CoatingsPro Magazine

JAN 2018

CoatingsPro offers an in-depth look at coatings based on case studies, successful business operation, new products, industry news, and the safe and profitable use of coatings and equipment.

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Page 84 of 116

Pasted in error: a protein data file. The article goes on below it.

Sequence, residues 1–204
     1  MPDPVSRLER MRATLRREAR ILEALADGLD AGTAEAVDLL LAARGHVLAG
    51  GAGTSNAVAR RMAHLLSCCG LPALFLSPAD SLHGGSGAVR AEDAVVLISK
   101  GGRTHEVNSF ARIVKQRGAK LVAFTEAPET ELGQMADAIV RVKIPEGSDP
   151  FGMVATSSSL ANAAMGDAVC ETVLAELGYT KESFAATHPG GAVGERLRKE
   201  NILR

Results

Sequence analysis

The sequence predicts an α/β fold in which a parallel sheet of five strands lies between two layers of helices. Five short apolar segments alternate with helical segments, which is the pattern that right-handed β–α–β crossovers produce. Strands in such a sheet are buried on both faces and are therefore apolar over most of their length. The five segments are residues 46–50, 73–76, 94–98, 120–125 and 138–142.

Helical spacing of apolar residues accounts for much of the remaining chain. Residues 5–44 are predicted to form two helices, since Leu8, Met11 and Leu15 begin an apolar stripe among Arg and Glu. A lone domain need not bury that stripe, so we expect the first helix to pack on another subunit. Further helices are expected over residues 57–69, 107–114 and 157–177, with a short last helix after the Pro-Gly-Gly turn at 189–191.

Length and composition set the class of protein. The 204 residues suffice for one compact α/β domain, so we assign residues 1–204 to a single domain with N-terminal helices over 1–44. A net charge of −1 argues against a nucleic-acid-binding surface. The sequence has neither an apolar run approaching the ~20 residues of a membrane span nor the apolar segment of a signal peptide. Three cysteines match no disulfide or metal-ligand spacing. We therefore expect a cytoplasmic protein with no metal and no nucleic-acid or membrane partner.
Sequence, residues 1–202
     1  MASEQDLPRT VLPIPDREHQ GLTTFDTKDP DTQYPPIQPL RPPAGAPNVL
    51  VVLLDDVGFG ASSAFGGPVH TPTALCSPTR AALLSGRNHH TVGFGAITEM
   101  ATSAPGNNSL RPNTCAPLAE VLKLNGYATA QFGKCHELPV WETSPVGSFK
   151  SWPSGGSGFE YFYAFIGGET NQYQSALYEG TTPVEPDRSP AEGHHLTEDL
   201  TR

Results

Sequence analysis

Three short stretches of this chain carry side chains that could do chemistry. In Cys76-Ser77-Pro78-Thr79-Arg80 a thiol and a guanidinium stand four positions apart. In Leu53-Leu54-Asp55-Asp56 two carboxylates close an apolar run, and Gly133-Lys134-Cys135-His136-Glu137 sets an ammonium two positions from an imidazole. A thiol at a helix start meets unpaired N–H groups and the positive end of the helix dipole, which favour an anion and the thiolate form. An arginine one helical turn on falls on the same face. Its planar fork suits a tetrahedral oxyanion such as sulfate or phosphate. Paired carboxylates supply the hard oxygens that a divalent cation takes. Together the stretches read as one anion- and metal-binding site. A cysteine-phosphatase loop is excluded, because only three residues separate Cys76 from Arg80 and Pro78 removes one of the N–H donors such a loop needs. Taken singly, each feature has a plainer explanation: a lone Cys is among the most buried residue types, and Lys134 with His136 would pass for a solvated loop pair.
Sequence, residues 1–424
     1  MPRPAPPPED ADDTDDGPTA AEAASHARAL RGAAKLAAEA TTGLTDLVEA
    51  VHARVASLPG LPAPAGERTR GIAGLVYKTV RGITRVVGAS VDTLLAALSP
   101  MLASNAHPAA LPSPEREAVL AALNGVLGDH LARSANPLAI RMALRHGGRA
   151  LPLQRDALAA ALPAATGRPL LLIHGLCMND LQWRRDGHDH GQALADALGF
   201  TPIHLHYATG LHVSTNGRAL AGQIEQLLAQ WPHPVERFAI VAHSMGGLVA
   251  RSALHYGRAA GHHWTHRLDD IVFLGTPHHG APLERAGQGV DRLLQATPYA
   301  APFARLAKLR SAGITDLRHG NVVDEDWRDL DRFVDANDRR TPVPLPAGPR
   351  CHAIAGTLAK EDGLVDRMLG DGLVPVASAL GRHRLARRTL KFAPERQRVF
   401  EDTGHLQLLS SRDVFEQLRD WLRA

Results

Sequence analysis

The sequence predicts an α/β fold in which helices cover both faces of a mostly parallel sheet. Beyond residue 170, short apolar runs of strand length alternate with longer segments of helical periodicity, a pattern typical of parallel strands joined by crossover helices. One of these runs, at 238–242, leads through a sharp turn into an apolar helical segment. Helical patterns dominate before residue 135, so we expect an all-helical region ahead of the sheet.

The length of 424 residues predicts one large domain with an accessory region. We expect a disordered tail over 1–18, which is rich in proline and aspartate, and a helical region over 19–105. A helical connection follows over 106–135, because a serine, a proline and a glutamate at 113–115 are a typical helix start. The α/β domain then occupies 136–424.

Create a containment, line the interior, and coat the exterior. A 10-person crew from Blastco, a TF Warren Company out of the Houston area, was up to the task. For a 1-million-gallon (3,785.4 m³) elevated water tank in Austin, Texas, which was built in the '80s, the steel surface was in good shape, but it was time for maintenance. Feature 84 JANUARY 2018 COATINGSPROMAG.COM A BY STEPHANIE MARIE CHIZIK PHOTOS COURTESY BCTS Four-Point Play on Texas Tank A ustin, Texas is currently working under water "conservation" restrictions. at means no water can be wasted, bars can only operate patio misters between 4 p.m. and 12 a.m., and restaurants shouldn't serve water unless diners specifically ask for it. As the permanent home to the South by Southwest Music Festival, the Longhorns, and a little under 1 million residents, Austin has a strong need for potable water. It's a hot commod- ity. So whatever holds the water — in this case, the Four Points elevated tank — is crucial. e million-gallon (3,785.4 m³) tank was built in the '80s, according to Blastco's Project Manager, Craig Winter. A lthough the steel was in good shape, it was time for maintenance. Blastco, a TF Warren company, needed to line the interior and coat the exterior. It was smooth sailing to start, but the 10-person crew was oblivious that soon it would have to deal with a seven-week delay along the way. Winter has been on Austin duty for Blastco since 2010. With him at the helm, the crew was sure to be victorious. Time Out on the Field e crew started on the tank 's interior at the end of April. ey worked 12-hour shifts to prep the steel, blasting with ARS Advanced Recycling equipment and AMASTEEL from Ervin Industries. "We use steel grit, so we never have any problem getting the steel clean or the profile," Winter explained. e ARS equipment was kept on the ground in a white shipping container. With a 95-foot-tall (29.0 m) pedestal and a 55-foot-tall (16.8 m) bowl, that meant some mighty long hoses were needed! e crew ran four 150-foot (45.7 m) hoses for blasting from the ground, up through an access way in the pedestal and into the bowl. ey also had two guys vacuuming up the spent abrasive to recycle it. e crew worked to blast the approximately 20,000 square feet (1,858.1 m²) to achieve a NACE No. 2/Society for Protective Coatings (SSPC) Surface Preparation (SP) 10: Near-W hite Blast Cleaning. ey sprayed out the entire interior of the tank in about 9 days, and they kept most of the blast with the use of a dehumidifier from Dehumidification Technologies before URETHANE STEEL TANK ACRYLIC

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